By Rachel Armstrong and Tom Sims
LONDON/FRANKFURT (Reuters) – Deutsche Bank <DKBGn.DE> shares extended losses on Tuesday on investor doubts that its chief executive can revive the lender by shrinking the investment bank and returning to its roots as banker to corporate Germany.
Christian Sewing, CEO for just over a year, and his finance chief are on week-long roadshow to explain the restructuring. To underline his commitment, Sewing plans to invest a quarter of his fixed salary — around 820,000 euros — in Deutsche shares, a person with knowledge of the matter said.
Deutsche’s stock price has fallen 10 percent since Sunday’s restructuring announcement to cut 18,000 jobs in a 7.4 billion euro ($8.3 billion) “reinvention”. It is the biggest two-day decline in almost three years.
By 1312 GMT, shares were down 3.8% on the day, after sliding as much as 6.5% earlier. The bank’s bonds also fell.
Analysts and investors say Sewing, who joined Deutsche Bank in 1989, is right to cut back its trading desks but question if he can make his plan work when interest rates are still low and U.S. banks have expanded their share of the German market.
“There seems to be some concerns around the plan details, particularly the ability for the bank to retain revenues while cutting costs,” one of the bank’s top 25 shareholders told Reuters, citing worries the bank would need fresh equity to execute Sewing’s plan.
Analysts with RBC Capital Markets wrote that the bank’s outlook for revenue growth was “ambitious” and there was a high degree of risk associated with implementing the plan.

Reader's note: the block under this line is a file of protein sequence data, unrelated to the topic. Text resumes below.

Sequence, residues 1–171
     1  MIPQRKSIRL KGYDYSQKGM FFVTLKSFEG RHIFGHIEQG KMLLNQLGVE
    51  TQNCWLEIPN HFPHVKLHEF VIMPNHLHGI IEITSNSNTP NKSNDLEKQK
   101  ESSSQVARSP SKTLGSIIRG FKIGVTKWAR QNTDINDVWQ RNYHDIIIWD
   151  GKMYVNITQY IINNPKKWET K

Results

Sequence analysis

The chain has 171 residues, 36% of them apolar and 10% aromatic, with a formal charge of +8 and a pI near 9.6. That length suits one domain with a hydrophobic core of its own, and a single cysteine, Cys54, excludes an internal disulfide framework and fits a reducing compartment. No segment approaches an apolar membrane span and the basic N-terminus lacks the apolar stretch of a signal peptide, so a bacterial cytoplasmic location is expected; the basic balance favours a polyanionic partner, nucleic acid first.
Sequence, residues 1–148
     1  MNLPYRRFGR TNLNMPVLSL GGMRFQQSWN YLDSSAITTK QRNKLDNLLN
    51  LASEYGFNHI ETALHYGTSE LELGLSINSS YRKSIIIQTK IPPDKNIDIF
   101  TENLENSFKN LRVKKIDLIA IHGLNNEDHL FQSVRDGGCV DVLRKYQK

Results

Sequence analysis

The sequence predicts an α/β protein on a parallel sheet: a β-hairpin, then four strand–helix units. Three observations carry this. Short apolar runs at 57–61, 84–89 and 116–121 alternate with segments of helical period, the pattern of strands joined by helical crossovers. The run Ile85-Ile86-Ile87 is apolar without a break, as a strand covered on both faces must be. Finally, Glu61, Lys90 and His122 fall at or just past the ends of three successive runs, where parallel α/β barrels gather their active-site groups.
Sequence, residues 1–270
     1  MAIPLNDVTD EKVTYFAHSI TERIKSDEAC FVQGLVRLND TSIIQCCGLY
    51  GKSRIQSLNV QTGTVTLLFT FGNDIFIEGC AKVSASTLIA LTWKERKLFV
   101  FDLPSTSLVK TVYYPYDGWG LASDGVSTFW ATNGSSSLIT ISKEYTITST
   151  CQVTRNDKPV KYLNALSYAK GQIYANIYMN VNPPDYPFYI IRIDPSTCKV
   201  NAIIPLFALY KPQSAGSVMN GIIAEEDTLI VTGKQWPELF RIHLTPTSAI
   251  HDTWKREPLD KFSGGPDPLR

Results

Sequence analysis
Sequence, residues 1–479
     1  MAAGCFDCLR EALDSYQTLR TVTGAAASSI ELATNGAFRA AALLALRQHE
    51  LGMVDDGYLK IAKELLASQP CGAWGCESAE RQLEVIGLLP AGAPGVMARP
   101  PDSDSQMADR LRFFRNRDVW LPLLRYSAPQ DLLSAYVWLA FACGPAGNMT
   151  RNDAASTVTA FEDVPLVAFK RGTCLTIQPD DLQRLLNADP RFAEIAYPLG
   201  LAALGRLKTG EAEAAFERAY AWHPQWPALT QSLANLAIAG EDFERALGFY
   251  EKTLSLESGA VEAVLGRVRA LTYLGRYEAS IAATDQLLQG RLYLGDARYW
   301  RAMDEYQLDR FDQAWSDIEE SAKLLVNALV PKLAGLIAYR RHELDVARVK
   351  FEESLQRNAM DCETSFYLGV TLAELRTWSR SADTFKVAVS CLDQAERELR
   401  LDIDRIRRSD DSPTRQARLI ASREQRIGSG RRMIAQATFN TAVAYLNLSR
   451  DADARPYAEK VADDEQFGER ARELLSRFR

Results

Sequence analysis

Ratings agency Fitch, which last month downgraded the bank to “BBB” status, the lowest investment-grade, echoed this.
“Cutting back volatile, capital-intensive and underperforming sales and trading activities, and further reducing the cost base should improve profitability and strengthen leverage, but execution risks are high,” it said.
Deutsche plans to return closer to its roots by focusing on corporate banking and asset and wealth management, areas that can offer more stable revenues than investment banking but are increasingly competitive.
The bank began cutting jobs in its trading business on Monday, with staff laid off in offices stretching from Sydney to New York.
Sewing, promising to make a break with a past of Deutsche’s “over-promising and under-delivering”, told analysts on Monday that his plan was a “real game changer”.
At least one big investor is sold on the proposals.
Douglas Braunstein, who holds an 3.1% share in Deutsche through his New York-based Hudson Executive Capital, said it would take a while for the market to appreciate what Deutsche Bank is doing.
“Going back to basics for this 150-year old company is ultimately going to be a very successful strategic decision,” he said on CNBC.
However, Deutsche Bank’s capital instruments took a further hit on Tuesday, with a US dollar Additional Tier 1 (AT1) perpetual instrument callable in Nov 2021 dropping as much as 2.4 cents on the dollar to 84.62; setting the yield at a hefty 30.4%. <DE107155147=>
The euro-denominated debt also suffered losses with a perpetual AT1 bond callable in May 2027 falling 1.5 cents to 86.56, with the yield rising to 11.89%. < DE107205454=>
(Reporting by Rachel Armstrong, Abhinav Ramnarayan and Sinead Cruise in LONDON, Tom Sims and Hans Seidenstuecker in FRANKFURT; Additional reporting by Hakan Ersen; Editing by Edmund Blair/Keith Weir)